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Tomb Raider Sucks…Here’s Why!



Film: Tomb Raider

Starring: Alicia Vikander, Dominic West

Rating: * ½

  It’s not as though Tomb Raider  is the worst film ever made on this planet.  God knows there  are enough franchise films from Hollywood floating around claiming for a place among the most dreadful cinematic  experiences  of  our lifetime

Tomb Raider  is a sum-total  of many failures. It tries to re-define the myth of the modern warrior queen propagated  by Angeline Jolie many years ago in the Lara Croft films, renewed in the feminine  grace  of Alicia Vikander who goes through  the athletic paces with a selfassured robustness (with no emphasis  on the  bust)  seldom seen   in  female  heroes.

There  is one heartstopping action scene staged on the skeleton of  an abandoned  aircraft  on the top of torrential waterfall  that  is breathtaking  in  its vigour . The rest of the film is so flabby and droopy it makes the stand-out action sequence seem  like the  only reason why this poorly- conceived  gaming actioner was revivified for an audience that has  long moved on.

Tomb Raider sets its action on an island infested with villainous neo-slavedrivers making migrant  workers toil to open up a vault containing the tomb of  a fearsome  goddess.  The hocus-pocus and the mumbojumbo are dressed  up as an emotional father-daughter saga staged in spasms  of  dithering drama  between dad Dominic West(who performs poorly in  the impoverished script) and MsVikander who  bravely  ploughs  through the aridity  of  a godforsaken plot that has no room for real emotions.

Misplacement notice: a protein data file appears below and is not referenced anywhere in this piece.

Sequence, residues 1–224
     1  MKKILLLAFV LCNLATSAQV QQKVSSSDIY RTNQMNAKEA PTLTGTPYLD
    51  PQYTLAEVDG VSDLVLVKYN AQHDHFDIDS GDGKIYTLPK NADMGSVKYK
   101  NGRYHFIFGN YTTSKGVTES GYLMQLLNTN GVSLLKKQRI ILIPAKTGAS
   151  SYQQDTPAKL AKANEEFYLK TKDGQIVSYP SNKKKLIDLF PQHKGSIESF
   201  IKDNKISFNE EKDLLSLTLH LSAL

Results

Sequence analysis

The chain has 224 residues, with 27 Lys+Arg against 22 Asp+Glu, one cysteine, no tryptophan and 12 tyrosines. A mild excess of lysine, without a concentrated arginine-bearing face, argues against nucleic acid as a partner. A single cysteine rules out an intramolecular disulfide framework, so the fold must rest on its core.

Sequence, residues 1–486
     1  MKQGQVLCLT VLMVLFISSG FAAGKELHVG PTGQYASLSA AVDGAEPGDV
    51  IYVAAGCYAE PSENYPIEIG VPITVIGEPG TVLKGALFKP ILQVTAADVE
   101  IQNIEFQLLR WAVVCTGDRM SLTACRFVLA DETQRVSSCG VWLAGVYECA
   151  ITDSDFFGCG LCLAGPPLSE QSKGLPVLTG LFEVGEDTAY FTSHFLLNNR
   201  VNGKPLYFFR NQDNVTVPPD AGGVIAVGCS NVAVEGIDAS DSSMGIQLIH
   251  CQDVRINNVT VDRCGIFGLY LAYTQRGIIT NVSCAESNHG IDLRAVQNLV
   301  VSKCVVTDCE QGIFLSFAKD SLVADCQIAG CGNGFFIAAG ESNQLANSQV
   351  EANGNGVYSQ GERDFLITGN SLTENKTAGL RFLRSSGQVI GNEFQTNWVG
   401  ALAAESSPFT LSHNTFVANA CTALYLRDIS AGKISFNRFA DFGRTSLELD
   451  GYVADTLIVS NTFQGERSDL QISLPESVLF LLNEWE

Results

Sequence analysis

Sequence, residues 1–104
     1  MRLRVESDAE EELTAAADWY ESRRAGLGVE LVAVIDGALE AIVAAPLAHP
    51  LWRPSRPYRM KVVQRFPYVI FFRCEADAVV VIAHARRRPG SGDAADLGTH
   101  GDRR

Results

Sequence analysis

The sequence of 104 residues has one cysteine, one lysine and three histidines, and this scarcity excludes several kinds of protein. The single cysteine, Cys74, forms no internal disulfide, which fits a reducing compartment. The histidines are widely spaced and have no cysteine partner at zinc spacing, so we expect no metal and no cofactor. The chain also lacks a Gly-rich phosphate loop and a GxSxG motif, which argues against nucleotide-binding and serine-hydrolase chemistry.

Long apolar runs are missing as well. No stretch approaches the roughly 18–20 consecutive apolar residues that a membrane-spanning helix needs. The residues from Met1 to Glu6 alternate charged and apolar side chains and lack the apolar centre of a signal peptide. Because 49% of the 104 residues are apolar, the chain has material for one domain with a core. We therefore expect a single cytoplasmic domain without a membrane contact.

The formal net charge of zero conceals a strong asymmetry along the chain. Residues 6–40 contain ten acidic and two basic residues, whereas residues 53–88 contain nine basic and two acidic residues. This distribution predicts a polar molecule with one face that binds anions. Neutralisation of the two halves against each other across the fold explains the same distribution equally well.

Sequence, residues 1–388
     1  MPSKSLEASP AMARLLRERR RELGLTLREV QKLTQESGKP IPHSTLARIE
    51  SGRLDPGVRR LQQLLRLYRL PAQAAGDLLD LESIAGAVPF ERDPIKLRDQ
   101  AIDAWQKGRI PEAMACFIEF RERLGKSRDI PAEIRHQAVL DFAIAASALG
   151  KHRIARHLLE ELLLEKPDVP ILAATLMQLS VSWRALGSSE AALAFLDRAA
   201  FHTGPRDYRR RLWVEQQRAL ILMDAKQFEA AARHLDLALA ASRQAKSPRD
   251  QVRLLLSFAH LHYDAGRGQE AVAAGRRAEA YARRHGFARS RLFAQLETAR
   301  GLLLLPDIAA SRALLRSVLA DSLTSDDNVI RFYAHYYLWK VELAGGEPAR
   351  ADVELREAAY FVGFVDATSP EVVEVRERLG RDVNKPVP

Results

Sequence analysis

The writing  is  blunt and the dialogues compete for flatness with Ms Vikander’s washboard stomach. All this would have been bearable if the action was riveting. The stunts do not have the sustained momentum  that  this reawakened franchise demands. The archvillain  played by Walton Goggins looks like  a cocaine addict  out on  a wild safari  that takes on a biblical journey through bondage  and  brutality.

More is  the pity . Because we need  more female heroes. Interestingly  there is a fleeting Indian character Nitin a grocer in  London who has a Hindu name but whose family looks Pakistani and who has the hots for  Lara Croft and who  says goodbye to Lara with an ‘Alvida’.


There is also a reference  to Patna, the city where I belong  in this global  mess of a film. If only the mapped majesty made room for some spatial  harmony . The plot just meanders from one chimeric  thrill to another like  a  monkey swinging from branch to  branch. Fun to watch  but nothing rewarding about it.

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